There is a lot of great, guitar driven indie music coming out of New Jersey these days. Paper Streets have to be added to that list. The band’s members, all who grew up in the Jackson area, have been busy perfecting their sound. The recently released Souvenirs is a testament to that.
The single “Murmur” opens the album and it is an appropriate name as the intro of jangly guitar remind me of R.E.M. It is a melodic, upbeat tune with some great drums from Anthony Meleo. The touches of synth are not overpowering while giving the song an extra lift. “Do you think three years is long enough for you to get happy?”, as mentioned in other reviews, has a definite mid/late 80s Cure vibe, with lush guitar work from Steve Stec and soaring vocals. I also hear a little Shins in the mix. We are talking well constructed indie pop.
The excellent “Straight Lines” is a post-punk inspired song that really stands out. Riding the wave of a striped down guitar hook the song is quite infectious as it builds momentum. The vocals from Cody Ste Mariere are grittier and you can feel the desperation as he sings “I just can’t seem to work things out”. Last up is “While we were tired…”, a slower paced song that features some great bass from and Lou Carrao and dreamy vocals. It is a perfect closer here.
We look forward to hearing what the band is cooking up for the rest of 2015. Souvenirs is a great start.
You can pick up the album on the band’s Bandcamp page.
Steve answered a few questions for us;
How did you guys meet and come up with the name Paper Streets?
Paper Streets was born a small child of a man named Christoph Walter Hussey in Summer 2011. I spent the previous winter writing some songs on acoustic guitar with Cody for a show at my school that never happened. He showed our friends some songs he wrote and they were some of my favorite I ever heard so I conned him into a partnership. I had always been jamming and sketching songs with Anthony since I started playing guitar, Anthony was in Paper Streets before it even started. Right around the time of this happening, I saw Lou in a Jackson bar. I had never talked to him before that night but I had seen him play in other bands and I liked his hair. I also knew he was the best bassist in town (the world, actually) and that he was the only one who could round out the numbers. I sold him pretty easily. As for the name, a Paper Street is a construction term for planned streets drawn on maps that don’t exist in reality, only real on paper and in theory. I like everything about that. I like the physical image Paper Streets evokes in my head, I like the literal definition, and how the two words together phonetically play off each other. Something frail like Paper, something solid like a Street. Something hard and something pretty, something noisy but tuneful. I think that’s us in a nutshell.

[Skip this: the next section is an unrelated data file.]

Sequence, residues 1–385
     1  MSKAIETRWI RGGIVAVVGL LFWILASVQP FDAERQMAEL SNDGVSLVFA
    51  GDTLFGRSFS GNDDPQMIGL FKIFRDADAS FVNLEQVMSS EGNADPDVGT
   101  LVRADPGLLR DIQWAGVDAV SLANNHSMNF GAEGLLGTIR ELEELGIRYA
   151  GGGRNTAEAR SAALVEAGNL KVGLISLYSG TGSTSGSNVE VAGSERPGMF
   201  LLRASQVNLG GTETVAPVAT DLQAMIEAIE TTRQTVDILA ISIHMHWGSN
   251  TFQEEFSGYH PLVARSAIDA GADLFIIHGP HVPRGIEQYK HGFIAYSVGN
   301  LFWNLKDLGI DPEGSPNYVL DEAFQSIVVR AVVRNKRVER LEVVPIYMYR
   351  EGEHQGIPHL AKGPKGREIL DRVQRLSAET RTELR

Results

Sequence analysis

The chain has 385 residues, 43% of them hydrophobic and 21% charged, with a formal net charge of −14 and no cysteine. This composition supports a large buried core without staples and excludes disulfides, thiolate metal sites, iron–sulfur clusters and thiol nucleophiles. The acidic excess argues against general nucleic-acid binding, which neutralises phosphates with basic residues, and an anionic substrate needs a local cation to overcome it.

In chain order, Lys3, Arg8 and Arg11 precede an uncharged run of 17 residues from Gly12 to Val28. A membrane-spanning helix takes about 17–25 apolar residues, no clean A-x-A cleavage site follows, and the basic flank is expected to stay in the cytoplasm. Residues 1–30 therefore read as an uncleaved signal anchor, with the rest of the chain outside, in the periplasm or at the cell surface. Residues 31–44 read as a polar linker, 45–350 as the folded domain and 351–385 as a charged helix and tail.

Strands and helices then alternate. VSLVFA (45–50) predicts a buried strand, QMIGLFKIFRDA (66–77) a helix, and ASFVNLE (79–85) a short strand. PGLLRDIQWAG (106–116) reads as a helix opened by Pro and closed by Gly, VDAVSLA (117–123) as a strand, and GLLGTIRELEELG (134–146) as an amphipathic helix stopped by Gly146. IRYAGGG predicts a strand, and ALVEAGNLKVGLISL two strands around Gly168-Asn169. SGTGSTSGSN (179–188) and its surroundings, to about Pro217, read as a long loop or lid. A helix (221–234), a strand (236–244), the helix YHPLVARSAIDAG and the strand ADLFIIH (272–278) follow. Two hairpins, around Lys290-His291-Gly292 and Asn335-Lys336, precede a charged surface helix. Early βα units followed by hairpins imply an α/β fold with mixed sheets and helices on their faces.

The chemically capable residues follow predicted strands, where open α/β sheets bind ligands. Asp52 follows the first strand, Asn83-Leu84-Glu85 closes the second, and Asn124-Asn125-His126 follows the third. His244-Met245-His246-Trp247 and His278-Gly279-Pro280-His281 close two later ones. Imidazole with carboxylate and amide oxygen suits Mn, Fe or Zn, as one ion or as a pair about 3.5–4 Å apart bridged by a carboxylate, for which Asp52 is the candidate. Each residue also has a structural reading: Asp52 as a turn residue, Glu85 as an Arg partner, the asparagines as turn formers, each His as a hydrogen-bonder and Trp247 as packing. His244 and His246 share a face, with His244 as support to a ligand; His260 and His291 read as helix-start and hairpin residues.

You are all originally from the Jackson area. What was it like growing up there? Do you get back and visit the old haunts?
I think that it can’t be understated how vital of a factor location truly is in shaping our ethos as a band and the way it influences how we express our thoughts and ideas as writers. Blurry visions of golden wheat fields from the back of our parents car and the days we spent in the woods are formative in the way we think and operate as individuals, but so do the feelings of nodding off in trains or walking down dark city streets. These experiences are entwined with the nature of how we write songs and play our instruments, the way our songs differ stylistically yet are inherently cut from the same cloth. At first when I thought about our Jackson upbringing, it seemed kinda like the typical experience of suburban New Jersey youth but looking back on what it was like growing up in Jackson does seem kinda surreal in a way. Sort of a strange place with a lot of different connotations to a lot of different people. Russian graveyards, that one amusement park … one time with Cody, we saw a bear! I know all of us spent our fair share of our time wandering around the woods well into our teenage years. At the time it seemed normal but I see more often as I grow up that it’s something kids I’ve met over the years from places in nearby beach towns or away at university know nothing about.